Will Power leads second Sao Paulo practice

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Will Power is still leading the way in Sao Paulo after leading the last practice session before this afternoon’s qualifying session. The Australian turned in a lap of 1 minute, 20.9264 seconds to lead the session for Team Penske, narrowly beating the best from Andretti Autosport teammates Ryan Hunter-Reay (1 minute, 21.0022 seconds) and E.J. Viso (1 minute, 21.2222 seconds).

Scott Dixon was fourth-quickest for Target Chip Ganassi Racing at 1 minute, 21.2826 seconds, while Sao Paulo’s own Helio Castroneves was fifth in the session (1 minute, 21.2994). Dario Franchitti, James Hinchcliffe, Simona de Silvestro, Marco Andretti and Tony Kanaan rounded out the Top 10.

Multiple red flag periods gave a choppy feel to the second session. Among the incidents were those of Tristan Vautier, who sustained front-wing damage in an incident at Turn 5, and Kanaan, who appeared to lock up briefly before plowing through a tire barrier at Turn 2 with the right front of his machine (he eventually returned later in the session). Simon Pagenaud also ran into more issues after crashing in this morning’s first practice, as he came to a stop on the Sambadromo front stretch shortly after coming back out in his repaired Honda.

Qualifying for tomorrow’s Sao Paulo Indy 300 will go off today at 1:35 p.m. ET, with NBC Sports Network airing the session Sunday morning at 1 a.m. ET. Here are the two groups for qualifying, set by the times from the first practice:

Group 1
67-Josef Newgarden
10-Dario Franchitti
11-Tony Kanaan
14-Takuma Sato
55-Tristan Vautier
9-Scott Dixon
5-E.J. Viso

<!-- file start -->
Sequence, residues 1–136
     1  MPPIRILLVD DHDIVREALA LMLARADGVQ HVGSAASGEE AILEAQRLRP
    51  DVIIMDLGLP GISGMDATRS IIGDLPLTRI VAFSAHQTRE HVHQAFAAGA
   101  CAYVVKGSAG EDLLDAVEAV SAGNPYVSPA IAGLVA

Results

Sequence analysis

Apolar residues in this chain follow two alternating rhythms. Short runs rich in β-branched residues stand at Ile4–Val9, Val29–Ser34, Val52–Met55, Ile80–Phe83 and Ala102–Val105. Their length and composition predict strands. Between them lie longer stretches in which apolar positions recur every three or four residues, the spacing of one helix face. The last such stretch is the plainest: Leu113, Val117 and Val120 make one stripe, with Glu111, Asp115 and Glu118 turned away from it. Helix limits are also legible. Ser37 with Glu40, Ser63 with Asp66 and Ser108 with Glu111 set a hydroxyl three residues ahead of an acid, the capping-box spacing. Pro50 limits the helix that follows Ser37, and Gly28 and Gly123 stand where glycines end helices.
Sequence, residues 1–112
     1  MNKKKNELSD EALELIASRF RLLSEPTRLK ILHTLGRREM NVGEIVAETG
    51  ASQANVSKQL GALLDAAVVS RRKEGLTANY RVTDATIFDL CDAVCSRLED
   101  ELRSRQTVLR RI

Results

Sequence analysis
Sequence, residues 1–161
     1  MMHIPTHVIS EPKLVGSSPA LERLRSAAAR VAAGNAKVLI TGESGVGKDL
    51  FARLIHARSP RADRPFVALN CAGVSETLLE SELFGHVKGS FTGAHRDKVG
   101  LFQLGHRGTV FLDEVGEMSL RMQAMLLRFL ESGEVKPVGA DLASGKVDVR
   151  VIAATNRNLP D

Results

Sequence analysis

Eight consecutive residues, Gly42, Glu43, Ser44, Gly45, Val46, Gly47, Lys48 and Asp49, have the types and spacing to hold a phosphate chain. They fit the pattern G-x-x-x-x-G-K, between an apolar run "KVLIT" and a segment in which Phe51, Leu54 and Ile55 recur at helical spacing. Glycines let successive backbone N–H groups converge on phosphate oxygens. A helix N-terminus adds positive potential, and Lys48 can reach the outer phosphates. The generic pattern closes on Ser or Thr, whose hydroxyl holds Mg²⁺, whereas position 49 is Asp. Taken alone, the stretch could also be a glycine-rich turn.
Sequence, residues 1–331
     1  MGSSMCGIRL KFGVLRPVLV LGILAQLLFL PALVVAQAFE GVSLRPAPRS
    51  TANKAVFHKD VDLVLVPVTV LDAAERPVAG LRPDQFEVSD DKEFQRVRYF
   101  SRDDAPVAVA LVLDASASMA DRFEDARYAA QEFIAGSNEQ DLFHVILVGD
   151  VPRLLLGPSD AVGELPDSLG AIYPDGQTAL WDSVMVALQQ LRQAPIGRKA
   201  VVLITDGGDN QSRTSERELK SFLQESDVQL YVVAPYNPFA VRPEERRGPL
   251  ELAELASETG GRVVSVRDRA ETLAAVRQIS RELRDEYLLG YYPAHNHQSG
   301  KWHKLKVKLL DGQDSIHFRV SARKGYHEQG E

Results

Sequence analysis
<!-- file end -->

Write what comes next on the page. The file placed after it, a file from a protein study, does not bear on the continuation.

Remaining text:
15-Graham Rahal
98-Alex Tagliani
22-Oriol Servia
83-Charlie Kimball
25-Marco Andretti

Group 2
12-Will Power
7-Sebastien Bourdais
4-JR Hildebrand
77-Simon Pagenaud
3-Helio Castroneves
27-James Hinchcliffe
1-Ryan Hunter-Reay
19-Justin Wilson
78-Simona de Silvestro
16-James Jakes
6-Sebastian Saavedra
18-Ana Beatriz
20-Ed Carpenter

Watch tomorrow’s Sao Paulo Indy 300 online and on your mobile device.

Neuville wins Rally Australia; Ogier takes FIA WRC title

Sebastien Ogier. Photo: Getty Images
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COFFS HARBOUR, Australia (AP) Belgium’s Thierry Neuville won Rally Australia by 22.5 seconds on Sunday as torrential rain added drama to the last day of the last race of the World Rally Championship season.

Neuville entered the final day with an almost 20 second advantage after inheriting the rally lead Saturday when his Hyundai teammate, defending champion Andreas Mikkelsen crashed and was forced to retire for the day.

His lead was halved by Jari-Matti Latvala early Sunday as monsoon-like rain made conditions treacherous on muddy forest stages on the New South Wales coast. The rain stopped on the short Wedding Bells stage where Neuville was almost 5 seconds quicker than his rivals, stretching his lead to 14.7 seconds entering the last stage.

COFFS HARBOUR, AUSTRALIA – NOVEMBER 17: Thierry Neuville of Belgium and Nicolas Gilsoul of Belgium compete in their Hyundai Motorsport WRT Hyundai i20 coupe WRC during Day One of the WRC Australia on November 17, 2017 in COFFS HARBOUR, Australia. (Photo by Massimo Bettiol/Getty Images)

That stage was full of incident. The driver’s door on Neuville’s Hyundai i20 coupe swung open in the middle of the stage and Neuville had to slam it closed as he approached a corner.

Latvala’s Toyota then crashed seconds from the end of the stage, allowing Estonia’s Ott Tanak, in a Ford, to take second place overall and New Zealalnd’s Haydon Paddon, in a Hyundai, to sneak into third.

Sebastian Ogier was fourth after winning the final, power stage but the Frenchman had already clinched his fifth world title before Rally Australia began. Neuville’s win was his fourth of the season, two more than Ogier, and was enough to give him second place in world drivers’ standings for the third time in five years.

Ogier owed his drivers’ title to his consistency: he retired only once and finished no worse than fifth all season.

Neuville admitted the last day was touch and go as the rain made some stages perilous, forcing the cancellation of the second to last stage.

“That was a hell of a ride,” Neuville said. “Really, really tricky conditions.

“I kept the car on the road but it was close sometimes. I knew I could make a difference but I had to be clever. You lose grip, you lose control and the car doesn’t respond to your input.”